No entity that has received funding under section 254b of this title for a grant period shall be eligible for a grant under this section for with respect to 1 the same grant period.

(g) Matching requirement

(1) In general

Each eligible entity that receives a grant under this section shall provide, from non-Federal sources, an amount equal to 20 percent of the amount of the grant (which may be provided in cash or in-kind) to carry out the activities supported by the grant.

(2) Waiver

The Secretary may waive all or part of the matching requirement described in paragraph (1) for any fiscal year for the SBHC if the Secretary determines that applying the matching requirement to the SBHC would result in serious hardship or an inability to carry out the purposes of this section.

(h) Supplement, not supplant

Grant funds provided under this section shall be used to supplement, not supplant, other Federal or State funds.

(i) Evaluation

The Secretary shall develop and implement a plan for evaluating SBHCs and monitoring quality performance under the awards made under this section.

(j) Age appropriate services

An eligible entity receiving funds under this section shall only provide age appropriate services through a 1 SBHC funded under this section to an individual.

(k) Parental consent

An eligible entity receiving funds under this section shall not provide services through a 1 SBHC funded under this section to an individual without the consent of the parent or guardian of such individual if such individual is considered a minor under applicable State law.

(l) Authorization of appropriations

For purposes of carrying out this section, there are authorized to be appropriated such sums as may be necessary for each of the fiscal years 2022 through 2026.

(July 1, 1944, ch. 373, title III, §399Z–1, as added and amended Pub. L. 111–148, title IV, §4101(b), title X, §10402(a), Mar. 23, 2010, 124 Stat. 547, 975; Pub. L. 116–260, div. BB, title III, §317, Dec. 27, 2020, 134 Stat. 2932.)

References in Text

The Health Insurance Portability and Accountability Act of 1996, referred to in subsec. (c)(2)(C)(vi), is Pub. L. 104–191, Aug. 21, 1996, 110 Stat. 1936. For complete classification of this Act to the Code, see Short Title of 1996 Amendments note set out under section 201 of this title and Tables.

Amendments

2020—Subsec. (l). Pub. L. 116–260 substituted "2022 through 2026" for "2010 through 2014".

2010—Subsec. (a)(1)(A). Pub. L. 111–148, §10402(a), inserted "and vision" after "oral".

1 So in original.

§280h–6. Infant and early childhood mental health promotion, intervention, and treatment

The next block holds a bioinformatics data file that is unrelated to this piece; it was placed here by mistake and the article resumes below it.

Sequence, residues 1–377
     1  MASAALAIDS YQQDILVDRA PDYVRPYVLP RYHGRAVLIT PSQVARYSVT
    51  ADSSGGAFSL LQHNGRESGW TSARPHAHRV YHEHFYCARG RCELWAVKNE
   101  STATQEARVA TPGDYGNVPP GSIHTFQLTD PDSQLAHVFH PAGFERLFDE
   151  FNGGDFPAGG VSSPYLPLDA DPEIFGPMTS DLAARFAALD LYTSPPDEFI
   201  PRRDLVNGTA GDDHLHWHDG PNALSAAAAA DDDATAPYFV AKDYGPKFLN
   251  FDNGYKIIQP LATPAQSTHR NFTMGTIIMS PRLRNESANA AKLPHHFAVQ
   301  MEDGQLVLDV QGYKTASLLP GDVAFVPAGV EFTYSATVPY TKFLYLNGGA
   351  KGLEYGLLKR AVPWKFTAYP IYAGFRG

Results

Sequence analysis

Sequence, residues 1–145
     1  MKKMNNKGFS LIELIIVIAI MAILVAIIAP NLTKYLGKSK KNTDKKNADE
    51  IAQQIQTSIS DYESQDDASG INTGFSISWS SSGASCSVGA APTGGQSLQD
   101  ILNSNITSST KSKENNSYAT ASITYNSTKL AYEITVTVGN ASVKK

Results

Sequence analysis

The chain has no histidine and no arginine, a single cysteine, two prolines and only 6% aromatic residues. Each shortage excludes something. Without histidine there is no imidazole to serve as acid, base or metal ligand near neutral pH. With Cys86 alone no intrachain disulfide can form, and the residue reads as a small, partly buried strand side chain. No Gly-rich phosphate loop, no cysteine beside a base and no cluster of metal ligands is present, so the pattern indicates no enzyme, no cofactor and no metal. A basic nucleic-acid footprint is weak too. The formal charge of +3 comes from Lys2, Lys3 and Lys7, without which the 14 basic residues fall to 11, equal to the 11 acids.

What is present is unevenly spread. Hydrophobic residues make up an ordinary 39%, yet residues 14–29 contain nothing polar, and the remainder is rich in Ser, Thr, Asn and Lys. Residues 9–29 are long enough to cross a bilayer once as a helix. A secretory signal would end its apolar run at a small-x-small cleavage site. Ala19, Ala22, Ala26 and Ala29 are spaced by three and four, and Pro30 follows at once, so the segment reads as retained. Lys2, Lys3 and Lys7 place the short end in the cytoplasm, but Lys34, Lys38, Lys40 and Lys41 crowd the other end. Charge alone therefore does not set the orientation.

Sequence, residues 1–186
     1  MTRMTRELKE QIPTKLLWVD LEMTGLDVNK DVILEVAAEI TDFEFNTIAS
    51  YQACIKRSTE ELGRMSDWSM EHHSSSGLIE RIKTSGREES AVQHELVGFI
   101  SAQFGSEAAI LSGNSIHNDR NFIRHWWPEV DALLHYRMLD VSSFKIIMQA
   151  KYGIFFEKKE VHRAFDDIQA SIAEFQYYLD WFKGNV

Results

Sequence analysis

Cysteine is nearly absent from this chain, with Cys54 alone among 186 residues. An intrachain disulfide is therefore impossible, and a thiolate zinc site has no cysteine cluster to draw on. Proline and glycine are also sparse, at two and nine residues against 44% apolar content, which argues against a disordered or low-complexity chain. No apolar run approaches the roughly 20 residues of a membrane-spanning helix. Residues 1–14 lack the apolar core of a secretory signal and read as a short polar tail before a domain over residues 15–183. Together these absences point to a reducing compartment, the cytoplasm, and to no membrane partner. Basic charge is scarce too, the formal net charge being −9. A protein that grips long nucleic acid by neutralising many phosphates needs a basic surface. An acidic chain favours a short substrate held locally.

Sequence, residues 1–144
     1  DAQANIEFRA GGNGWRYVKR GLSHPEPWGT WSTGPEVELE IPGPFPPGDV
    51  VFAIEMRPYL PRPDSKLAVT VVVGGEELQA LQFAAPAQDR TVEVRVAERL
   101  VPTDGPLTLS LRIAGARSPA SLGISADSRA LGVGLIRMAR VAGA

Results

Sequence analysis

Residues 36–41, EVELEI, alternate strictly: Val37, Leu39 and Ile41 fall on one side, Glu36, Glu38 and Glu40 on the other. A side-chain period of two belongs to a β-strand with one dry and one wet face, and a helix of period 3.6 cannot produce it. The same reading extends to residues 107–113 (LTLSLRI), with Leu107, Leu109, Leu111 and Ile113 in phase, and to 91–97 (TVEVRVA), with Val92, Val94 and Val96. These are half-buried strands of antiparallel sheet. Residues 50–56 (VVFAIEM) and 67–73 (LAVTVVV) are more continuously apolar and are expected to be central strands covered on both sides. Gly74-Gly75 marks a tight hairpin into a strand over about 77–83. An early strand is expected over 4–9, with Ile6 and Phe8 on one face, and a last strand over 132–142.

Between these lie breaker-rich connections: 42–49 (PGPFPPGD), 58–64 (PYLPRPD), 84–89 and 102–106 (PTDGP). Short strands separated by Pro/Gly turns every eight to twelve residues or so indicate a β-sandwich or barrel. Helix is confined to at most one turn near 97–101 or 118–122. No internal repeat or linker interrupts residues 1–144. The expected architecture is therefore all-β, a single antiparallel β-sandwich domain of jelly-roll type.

(a) Grants

The Secretary shall—

(1) award grants to eligible entities to develop, maintain, or enhance infant and early childhood mental health promotion, intervention, and treatment programs, including—

(A) programs for infants and children at significant risk of developing, showing early signs of, or having been diagnosed with mental illness, including a serious emotional disturbance; and

(B) multigenerational therapy and other services that support the caregiving relationship; and


(2) ensure that programs funded through grants under this section are evidence-informed or evidence-based models, practices, and methods that are, as appropriate, culturally and linguistically appropriate, and can be replicated in other appropriate settings.

(b) Eligible children and entities

In this section:

(1) Eligible child

The term "eligible child" means a child from birth to not more than 12 years of age who—

(A) is at risk for, shows early signs of, or has been diagnosed with a mental illness, including a serious emotional disturbance; and

(B) may benefit from infant and early childhood intervention or treatment programs or specialized preschool or elementary school programs that are evidence-based or that have been scientifically demonstrated to show promise but would benefit from further applied development.

(2) Eligible entity

The term "eligible entity" means a human services agency or nonprofit institution that—

(A) employs licensed mental health professionals who have specialized training and experience in infant and early childhood mental health assessment, diagnosis, and treatment, or is accredited or approved by the appropriate State agency, as applicable, to provide for children from infancy to 12 years of age mental health promotion, intervention, or treatment services; and